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Alexander, Will Winton (15 July 1884–13 January 1956), leading southern liberal, expert on race relations, and member of Franklin D. Roosevelt's New Deal administration, leading southern liberal, expert on race relations, and member of Franklin D. Roosevelt’s New Deal administration, was born near Morrisville, Missouri, the son of William Baxter Alexander, a farmer, and Arabella A. Winton, a schoolteacher. Alexander received a B.A. from Scarritt-Morrisville College in 1908 and continued his studies at Vanderbilt University, where he received a Bachelor of Divinity in 1912. Ordained a Methodist minister in 1911, Alexander held pastorates at Nashville (1911–1916) and Murfreesboro, Tennessee (1916–1917). In 1914 he married Mabelle A. Kinkead; they had three sons....

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Lowenstein, Allard Kenneth (16 January 1929–14 March 1980), lawyer, congressman, and political agitator, was born Allard Augustus Lowenstein in Newark, New Jersey, the son of Gabriel Abraham Lowenstein, a medical school teacher who turned restaurateur, and Augusta Goldberg. Lowenstein later chose Kenneth to replace Augustus, his given middle name. Only a year old when his mother died he was not told at first that his stepmother was not his birth mother, which he discovered when he was thirteen. In 1945 Lowenstein graduated from Horace Mann School in New York City and four years later graduated from the University of North Carolina. At North Carolina he succeeded in ending the practice of pairing Jewish students as roommates and gained them access to campus fraternities, and when the student state legislature met in Chapel Hill in December 1945 he got a resolution passed opening it up to black participation. Becoming a powerful personality on campus, Lowenstein found a hero and friend in the school’s president, ...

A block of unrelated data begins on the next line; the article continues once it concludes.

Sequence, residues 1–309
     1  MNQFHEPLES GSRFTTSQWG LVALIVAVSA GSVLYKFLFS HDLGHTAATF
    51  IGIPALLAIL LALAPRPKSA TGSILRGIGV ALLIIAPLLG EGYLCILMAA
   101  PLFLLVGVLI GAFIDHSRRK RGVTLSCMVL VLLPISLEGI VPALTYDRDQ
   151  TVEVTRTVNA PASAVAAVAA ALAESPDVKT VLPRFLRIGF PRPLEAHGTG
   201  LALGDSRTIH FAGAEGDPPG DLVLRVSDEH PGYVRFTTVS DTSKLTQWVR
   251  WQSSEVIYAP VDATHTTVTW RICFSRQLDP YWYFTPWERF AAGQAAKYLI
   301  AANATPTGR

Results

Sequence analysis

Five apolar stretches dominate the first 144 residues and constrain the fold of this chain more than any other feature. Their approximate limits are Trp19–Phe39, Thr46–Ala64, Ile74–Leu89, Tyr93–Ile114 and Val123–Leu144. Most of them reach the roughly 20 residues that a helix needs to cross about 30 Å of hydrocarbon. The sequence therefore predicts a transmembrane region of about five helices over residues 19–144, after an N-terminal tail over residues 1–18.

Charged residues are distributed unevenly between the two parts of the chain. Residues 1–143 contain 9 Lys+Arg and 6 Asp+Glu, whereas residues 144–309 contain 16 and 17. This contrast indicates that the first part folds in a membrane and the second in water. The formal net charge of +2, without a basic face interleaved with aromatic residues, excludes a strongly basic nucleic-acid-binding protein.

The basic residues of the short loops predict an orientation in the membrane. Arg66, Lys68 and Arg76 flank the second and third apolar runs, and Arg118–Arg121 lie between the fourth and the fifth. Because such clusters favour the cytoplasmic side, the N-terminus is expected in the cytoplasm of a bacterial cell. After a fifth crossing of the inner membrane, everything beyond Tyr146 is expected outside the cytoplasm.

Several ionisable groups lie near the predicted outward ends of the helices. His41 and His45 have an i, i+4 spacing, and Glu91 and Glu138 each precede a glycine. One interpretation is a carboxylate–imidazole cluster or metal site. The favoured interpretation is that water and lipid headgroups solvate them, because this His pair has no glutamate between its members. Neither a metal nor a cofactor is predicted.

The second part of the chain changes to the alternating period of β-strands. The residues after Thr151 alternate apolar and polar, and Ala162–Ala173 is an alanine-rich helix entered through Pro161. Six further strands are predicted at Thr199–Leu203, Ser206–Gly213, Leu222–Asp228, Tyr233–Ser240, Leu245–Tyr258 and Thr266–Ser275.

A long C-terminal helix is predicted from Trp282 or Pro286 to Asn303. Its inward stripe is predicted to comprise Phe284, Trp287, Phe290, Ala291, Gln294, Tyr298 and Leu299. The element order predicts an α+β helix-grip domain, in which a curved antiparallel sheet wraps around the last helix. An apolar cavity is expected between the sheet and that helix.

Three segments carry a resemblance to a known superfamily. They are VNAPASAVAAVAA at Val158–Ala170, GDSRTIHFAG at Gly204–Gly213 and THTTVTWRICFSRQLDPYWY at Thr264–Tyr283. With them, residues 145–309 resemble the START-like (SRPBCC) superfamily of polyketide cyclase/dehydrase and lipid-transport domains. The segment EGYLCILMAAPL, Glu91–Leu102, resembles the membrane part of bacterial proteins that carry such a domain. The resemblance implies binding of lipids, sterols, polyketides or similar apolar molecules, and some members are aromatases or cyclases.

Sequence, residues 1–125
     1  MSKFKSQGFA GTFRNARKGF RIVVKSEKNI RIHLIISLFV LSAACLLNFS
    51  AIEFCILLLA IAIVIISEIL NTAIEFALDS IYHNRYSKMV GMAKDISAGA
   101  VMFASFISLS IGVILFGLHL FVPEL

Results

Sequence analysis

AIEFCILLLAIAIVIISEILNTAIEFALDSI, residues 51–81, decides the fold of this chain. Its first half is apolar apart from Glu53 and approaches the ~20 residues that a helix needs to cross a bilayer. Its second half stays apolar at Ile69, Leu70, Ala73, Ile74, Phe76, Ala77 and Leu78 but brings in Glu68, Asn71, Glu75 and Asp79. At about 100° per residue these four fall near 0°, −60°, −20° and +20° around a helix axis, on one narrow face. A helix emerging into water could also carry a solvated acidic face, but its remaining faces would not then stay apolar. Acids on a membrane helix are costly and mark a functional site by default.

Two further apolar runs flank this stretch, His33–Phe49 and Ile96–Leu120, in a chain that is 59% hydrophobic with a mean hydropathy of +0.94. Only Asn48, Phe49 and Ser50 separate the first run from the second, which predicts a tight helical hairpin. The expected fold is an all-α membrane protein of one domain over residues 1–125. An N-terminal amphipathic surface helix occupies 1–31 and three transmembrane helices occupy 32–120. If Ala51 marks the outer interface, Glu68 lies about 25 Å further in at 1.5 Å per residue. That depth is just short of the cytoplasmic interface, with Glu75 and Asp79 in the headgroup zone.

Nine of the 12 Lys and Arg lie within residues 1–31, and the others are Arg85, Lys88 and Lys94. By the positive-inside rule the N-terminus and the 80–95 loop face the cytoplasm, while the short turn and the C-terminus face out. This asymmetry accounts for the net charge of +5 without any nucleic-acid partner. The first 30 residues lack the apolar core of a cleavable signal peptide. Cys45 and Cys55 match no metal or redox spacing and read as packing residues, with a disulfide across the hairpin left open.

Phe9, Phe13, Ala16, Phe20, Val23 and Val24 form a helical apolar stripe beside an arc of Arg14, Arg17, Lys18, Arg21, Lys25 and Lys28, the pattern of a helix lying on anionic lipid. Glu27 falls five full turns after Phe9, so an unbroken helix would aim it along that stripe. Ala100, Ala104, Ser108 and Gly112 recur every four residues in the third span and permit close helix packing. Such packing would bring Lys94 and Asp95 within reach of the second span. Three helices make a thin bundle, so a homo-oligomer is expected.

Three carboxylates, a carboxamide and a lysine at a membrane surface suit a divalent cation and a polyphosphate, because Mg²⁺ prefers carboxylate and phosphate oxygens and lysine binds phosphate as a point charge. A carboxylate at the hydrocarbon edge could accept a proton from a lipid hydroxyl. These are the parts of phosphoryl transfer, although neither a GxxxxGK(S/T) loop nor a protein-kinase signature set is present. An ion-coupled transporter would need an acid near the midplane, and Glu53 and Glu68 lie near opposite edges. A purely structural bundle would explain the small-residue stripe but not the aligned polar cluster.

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Thurgood Marshall, c. 1935–1940. Courtesy of the Library of Congress (LC-USZ62-84486).

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Marshall, Thurgood (02 July 1908–24 January 1993), civil rights lawyer and U.S. Supreme Court justice, was born Thoroughgood Marshall in Baltimore, Maryland, the son of William Canfield Marshall, a dining-car waiter and club steward, and Norma Arica Williams, an elementary school teacher. Growing up in a solid middle-class environment, Marshall was an outgoing and sometimes rebellious student who first encountered the Constitution when he was required to read it as punishment for classroom misbehavior. Marshall’s parents wanted him to become a dentist, as his brother did, but Marshall was not interested in the science courses he took at Lincoln University in Pennsylvania, from which he was graduated with honors in 1930. He married Vivian “Buster” Burey in 1929; they had no children....

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Rosenberg, Anna Marie Lederer (19 June 1902–09 May 1983), labor and personnel consultant and assistant secretary of defense, was born in Budapest, Hungary, the daughter of Albert Lederer, a furniture manufacturer, and Charlotte Bacskai, a children’s author and illustrator. Her father was prosperous until Emperor Franz Joseph canceled a furniture order, causing the family to go bankrupt, close down the factory, and move to the United States in 1912. Albert Lederer never forgot that experience, and, no longer at the whim of an emperor and appreciative of his newly found freedoms, he encouraged his daughter to be a patriotic American. She entered New York City’s Wadleigh High School in 1914 and organized the Future Voters League to encourage woman suffrage. While in high school in 1919 she settled a strike by students protesting compulsory military training, and that same year she served as a volunteer nurse and sold Liberty Bonds financing World War I. In 1919 she married an American soldier, Julius Rosenberg; they had one son. Later that year she became a naturalized citizen....